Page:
If your bike could talk, chances are it would say “It’s not me, it’s you”. As I’m sure many of you are, I am fascinated with watching crash videos. Having seen my fair share, it always amuses me to see the rider’s reaction after he or she has gone down. How many times have you seen the rider get up and say, “ I messed up, that was totally my fault”. It rarely happens but the truth is, most of the time it is you who f’d up.
The machines you are riding have been designed by people whose minds work in ways most cannot imagine. I’d like to think I’m mechanically inclined but even if given limitless resources and time, I could never build a modern day motorcycle. The mechanics, the electronics, the aesthetics behind these bikes go beyond my imagination. So when I see riders on shiny new motorcycles with thousands of dollars in upgrades and racing equipment getting lapped at the track by riders on bone stock, often times smaller engine displacement motorcycle, I can’t help but laugh. Although still unnecessary, you get a pass if you bought that type of bike as-is or if you can easily afford those types of luxuries. But for those of you spending every last dime you have on aftermarket clutch levers, exhaust systems, Chicken Hawk tire warmers for your stock tires because you believe these things are somehow holding you back from being a better rider, just stop.
Every stock motorcycle has limitations and things that can be improved. But in order to get to a level where you have outgrown those limitations as a rider, you have to be a lot better than you think you are. So instead of spending your hard earned money on excessive motorcycle upgrades, invest in yourself. Nothing is going to make you as good of a rider as seat time and getting expert advice. Yes there will be time when your motorcycle fails you, nothing is 100%, but as a trained rider your chances of surviving that fail are much higher. In December of last year, I did my first track day at Chuckwalla Valley Raceway. My confidence started kicking in on the third session of the day and as I picked up the pace, I came in way too hot into a turn on cold, stock tires and ended up riding wide into the dirt. I messed up, that was totally my fault. Speed, dirt and street tires are not a great combination but the SoCal Supermoto training I got a few months prior kicked in and I was able to save the bike from going down. I distinctly remember Brian’s voice in my head saying “When your tires hit the dirt, forget about the front brake. Only use the rear brake and ride out the sliding rear tire if you have to.” I completely attribute my ability to save my bike that day to my training. I’m not saying don’t ever get upgrades, I’m saying don’t blame your lack thereof for your inability to ride well. It’s not your bike, it’s you.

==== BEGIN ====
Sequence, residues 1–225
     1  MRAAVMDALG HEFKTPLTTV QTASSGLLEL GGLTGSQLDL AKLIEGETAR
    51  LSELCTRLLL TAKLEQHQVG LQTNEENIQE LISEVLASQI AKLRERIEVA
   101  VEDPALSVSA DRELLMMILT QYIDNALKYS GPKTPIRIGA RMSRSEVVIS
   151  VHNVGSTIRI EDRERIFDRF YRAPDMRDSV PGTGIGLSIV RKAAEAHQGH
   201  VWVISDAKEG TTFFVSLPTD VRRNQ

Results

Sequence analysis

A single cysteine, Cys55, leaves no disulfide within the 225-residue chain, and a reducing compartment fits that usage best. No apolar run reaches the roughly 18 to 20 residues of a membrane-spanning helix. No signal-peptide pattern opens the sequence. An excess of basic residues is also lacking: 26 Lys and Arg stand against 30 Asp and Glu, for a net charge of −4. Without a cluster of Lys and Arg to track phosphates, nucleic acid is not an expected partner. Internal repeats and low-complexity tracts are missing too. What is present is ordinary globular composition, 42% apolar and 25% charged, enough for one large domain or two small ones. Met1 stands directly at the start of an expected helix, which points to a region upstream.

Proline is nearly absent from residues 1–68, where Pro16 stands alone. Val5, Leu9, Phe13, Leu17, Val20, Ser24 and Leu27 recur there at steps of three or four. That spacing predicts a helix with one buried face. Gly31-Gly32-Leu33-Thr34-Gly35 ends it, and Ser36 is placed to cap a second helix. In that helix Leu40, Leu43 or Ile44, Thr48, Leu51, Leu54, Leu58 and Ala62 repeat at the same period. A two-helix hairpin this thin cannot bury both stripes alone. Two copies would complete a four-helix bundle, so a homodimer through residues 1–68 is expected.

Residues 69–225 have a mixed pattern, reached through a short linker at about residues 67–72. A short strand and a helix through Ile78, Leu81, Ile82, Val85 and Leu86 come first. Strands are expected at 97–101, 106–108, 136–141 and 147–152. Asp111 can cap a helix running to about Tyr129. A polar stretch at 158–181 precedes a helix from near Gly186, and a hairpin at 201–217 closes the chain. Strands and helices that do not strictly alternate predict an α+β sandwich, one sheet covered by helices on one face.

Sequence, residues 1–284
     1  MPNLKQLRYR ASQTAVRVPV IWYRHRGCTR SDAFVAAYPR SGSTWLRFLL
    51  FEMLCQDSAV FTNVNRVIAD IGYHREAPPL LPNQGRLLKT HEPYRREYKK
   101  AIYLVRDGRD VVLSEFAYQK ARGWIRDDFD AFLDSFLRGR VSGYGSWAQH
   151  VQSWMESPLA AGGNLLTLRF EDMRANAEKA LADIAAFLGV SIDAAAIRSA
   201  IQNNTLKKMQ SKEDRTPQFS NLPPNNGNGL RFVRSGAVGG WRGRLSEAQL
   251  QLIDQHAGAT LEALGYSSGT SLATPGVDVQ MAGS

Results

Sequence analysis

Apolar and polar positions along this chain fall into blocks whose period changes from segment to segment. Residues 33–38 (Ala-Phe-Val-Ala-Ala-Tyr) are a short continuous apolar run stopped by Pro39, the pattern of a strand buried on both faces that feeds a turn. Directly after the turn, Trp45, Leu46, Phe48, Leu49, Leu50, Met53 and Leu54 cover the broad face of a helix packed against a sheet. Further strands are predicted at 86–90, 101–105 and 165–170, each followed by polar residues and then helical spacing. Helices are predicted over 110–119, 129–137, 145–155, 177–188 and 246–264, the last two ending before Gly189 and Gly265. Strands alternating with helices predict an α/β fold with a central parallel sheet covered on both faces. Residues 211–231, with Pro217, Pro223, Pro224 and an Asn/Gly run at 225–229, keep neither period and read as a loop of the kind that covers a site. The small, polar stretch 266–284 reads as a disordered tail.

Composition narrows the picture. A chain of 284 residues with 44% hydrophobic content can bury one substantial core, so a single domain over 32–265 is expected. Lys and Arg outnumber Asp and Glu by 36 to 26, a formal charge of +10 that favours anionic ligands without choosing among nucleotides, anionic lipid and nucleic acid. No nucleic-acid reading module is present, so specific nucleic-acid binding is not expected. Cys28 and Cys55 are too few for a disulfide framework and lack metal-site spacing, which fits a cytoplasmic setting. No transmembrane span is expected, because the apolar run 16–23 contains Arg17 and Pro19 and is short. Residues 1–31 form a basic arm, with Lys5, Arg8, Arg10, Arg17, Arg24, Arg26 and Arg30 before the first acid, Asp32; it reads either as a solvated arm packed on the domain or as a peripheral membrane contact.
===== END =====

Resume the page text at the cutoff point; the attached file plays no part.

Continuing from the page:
The same goes for progressing as a rider. Your motorcycle is so much more capable than you think. If you can’t keep up with your buddy who has a similar bike, chances are it’s not because he has a $2000 exhaust but because he is a better rider than you. One-upping him on upgrades will not automatically make you faster. Besides wouldn’t it be so much more satisfying being that rider killing it on a fully stock bike? I always find it so much more impressive. Pay your dues, put in seat time and get expert advice. Even if you are a great rider, there is always something to improve on and learn. Learn to take accountability and learn from your mistakes instead of masking them under a sea of excuses. Trust yourself, trust your bike – you are the only two things that matter.
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